The Farm Security Administration established camps for migrant farm workers in California, and the CCC and WPA hired unemployed Mexican Americans on relief jobs.

Men at work
The Farm Security Administration established camps for migrant farm workers in California, and the CCC and WPA hired unemployed Mexican Americans on relief jobs.

By Executive Order, discrimination was barred in the relief agencies and workers were paid equal wages regardless of race nearly everywhere. The WPA employed hundreds of thousands of African-American, Asian, Mexican, and Native American citizens. These were not only men doing manual labor. Women of color were hired as teachers, social workers, librarians, and in other professional and service sectors, often working on integrated teams.

The Civilian Conservation Corps (CCC) is often cited as a segregated program, but at the outset it was integrated. Intense opposition in rural areas of the North and across the South ultimately forced the CCC to segregate its camps.

The New Deal ended President Hoover’s aggressive deportation of Mexicans and invested heavily in Puerto Rico, the Virgin Islands, and Hawai’i. Yet, President Roosevelt made a catastrophically bad decision to issue Executive Order 9066, which imprisoned some 120,000 innocent Japanese Americans as the country went to war at the end of 1942.

WPA artist Tyrus Wong

WPA artist Tyrus Wong
Many minority artists were employed or commissioned by New Deal art programs.

While the New Deal fell far short of ending racial discrimination, it set in motion the forces that would challenge Jim Crow in the postwar era. The number of people of color working for the federal government increased dramatically during the New Deal and many were elevated to important positions in government. Many of the black leaders Roosevelt relied upon would go on to help launch the Civil Rights Movement. Integration of the Armed Forces would begin by the end of World War II. Supreme Court justices appointed by FDR were crucial to postwar judgments against segregated education, anti-miscegenation laws, and housing discrimination.

The New Deal marked an important step forward in addressing the problems of U.S. society. Its outlook, policies, and programs, while far from perfect, contributed to the advancement of millions of citizens of color as part of its massive effort to improve the lives of all working people, seniors, children and other ordinary Americans.

FDR’s " Black Cabinet"

FDR’s "Black Cabinet"
An informal cabinet of African Americans served as public policy advisors to President Franklin D. Roosevelt and First Lady Eleanor Roosevelt,. Front row, left to right: Dr. Ambrose Caliver, Dr. Roscoe C. Brown, Dr. Robert C. Weaver, Joseph H. Evans, Dr. Frank Horne, Mary McLeod Bethune, Lt. Lawrence A. Oxley, Dr. William J. Thompkins, Charles E. Hall, William I. Houston, Ralph E. Mizelle. Back row, left to right: Dewey R. Jones, Edgar Brown, J. Parker Prescott, Edward H. Lawson, Jr., Arthur Weiseger, Alfred Edgar Smith, Henry A. Hunt, John W. Whitten, Joseph R. Houchins. Source: Scurlock Studio, “President Franklin D. Roosevelt’s “Black Cabinet” taken in March 1938″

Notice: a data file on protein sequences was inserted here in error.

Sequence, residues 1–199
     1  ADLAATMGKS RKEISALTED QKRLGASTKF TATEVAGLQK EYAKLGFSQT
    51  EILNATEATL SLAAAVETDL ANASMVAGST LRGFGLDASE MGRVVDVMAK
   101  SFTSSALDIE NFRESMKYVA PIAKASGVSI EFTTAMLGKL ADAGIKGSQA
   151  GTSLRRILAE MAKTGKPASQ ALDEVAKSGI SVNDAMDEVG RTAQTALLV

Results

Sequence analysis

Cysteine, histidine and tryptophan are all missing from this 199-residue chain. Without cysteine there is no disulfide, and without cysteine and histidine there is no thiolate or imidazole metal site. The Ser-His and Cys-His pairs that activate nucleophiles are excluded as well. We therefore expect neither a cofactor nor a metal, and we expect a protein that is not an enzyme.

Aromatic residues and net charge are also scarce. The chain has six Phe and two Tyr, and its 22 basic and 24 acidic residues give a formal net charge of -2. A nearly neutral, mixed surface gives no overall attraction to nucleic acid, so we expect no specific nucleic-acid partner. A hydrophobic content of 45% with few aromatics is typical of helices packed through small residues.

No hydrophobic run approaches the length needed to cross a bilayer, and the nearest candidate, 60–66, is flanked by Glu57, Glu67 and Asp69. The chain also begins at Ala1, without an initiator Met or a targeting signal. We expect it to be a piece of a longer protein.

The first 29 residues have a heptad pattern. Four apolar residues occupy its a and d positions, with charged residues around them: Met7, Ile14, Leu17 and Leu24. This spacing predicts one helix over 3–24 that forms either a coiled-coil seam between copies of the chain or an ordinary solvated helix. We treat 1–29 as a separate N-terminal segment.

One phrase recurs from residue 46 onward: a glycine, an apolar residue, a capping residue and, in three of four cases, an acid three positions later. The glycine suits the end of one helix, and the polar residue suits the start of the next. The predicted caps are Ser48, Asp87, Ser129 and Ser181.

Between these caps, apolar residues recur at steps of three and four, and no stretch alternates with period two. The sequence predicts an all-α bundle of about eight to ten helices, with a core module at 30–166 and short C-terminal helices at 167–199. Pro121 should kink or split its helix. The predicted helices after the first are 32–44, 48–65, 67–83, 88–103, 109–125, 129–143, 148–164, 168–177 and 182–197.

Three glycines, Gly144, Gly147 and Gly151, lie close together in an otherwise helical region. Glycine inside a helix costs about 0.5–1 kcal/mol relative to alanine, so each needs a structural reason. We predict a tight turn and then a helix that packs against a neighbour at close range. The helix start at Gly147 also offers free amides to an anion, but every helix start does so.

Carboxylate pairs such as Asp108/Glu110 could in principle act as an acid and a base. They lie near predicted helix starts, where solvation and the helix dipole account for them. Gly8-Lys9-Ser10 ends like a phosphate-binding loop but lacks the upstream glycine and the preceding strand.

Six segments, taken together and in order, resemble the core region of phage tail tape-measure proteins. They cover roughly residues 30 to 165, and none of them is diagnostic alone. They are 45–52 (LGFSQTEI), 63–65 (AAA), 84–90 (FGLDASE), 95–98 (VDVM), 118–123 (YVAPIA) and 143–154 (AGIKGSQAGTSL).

Photo Credit: Wikipedia

Richard Walker is the director of the Living New Deal.

Affectionately, F.D.R.

FDR and Daisy were distant cousins and close friends.

Margaret “Daisy” Suckley
FDR and Daisy were distant cousins and close friends.
Photo Credit: Courtesy, Roosevelt House, Hunter College

Extraordinary letters penned during FDR’s presidency document the warm friendship between Franklin Delano Roosevelt and Margaret “Daisy” Suckley, his distant cousin, friend, and confidant.

FDR and Daisy shared a family heritage rooted in the Hudson Valley. Wilderstein, Daisy’s home in Rhinebeck, New York, was less than a dozen miles from Springwood, FDR’s family estate in Hyde Park, but the cousins did not become acquainted until 1922 when FDR’s mother, Sara, invited Daisy for a visit while FDR was recovering from polio.

Their close friendship began after Daisy attended FDR’s inauguration on March 4, 1933, and ended following her visit to Warm Springs, Georgia, just before FDR died there on April 12, 1945. During his presidency, Daisy frequently visited the White House, went on trips with FDR, helped organize his papers at the new presidential library, and gave him his beloved Scottish terrier, Fala.

Daisy and FDR were correspondents throughout his presidency.

Envelope
Daisy and FDR were correspondents throughout his presidency.
Photo Credit: Courtesy, Roosevelt House, Hunter College

Daisy’s diaries, her letters to FDR, and more than three dozen handwritten letters FDR wrote to her were found after her death in 1991, just short of her 100th birthday. They were published in 1995 in Geoffrey C. Ward’s Closest Companion: The Unknown Story of the Intimate Friendship Between Franklin Roosevelt and Margaret Suckley.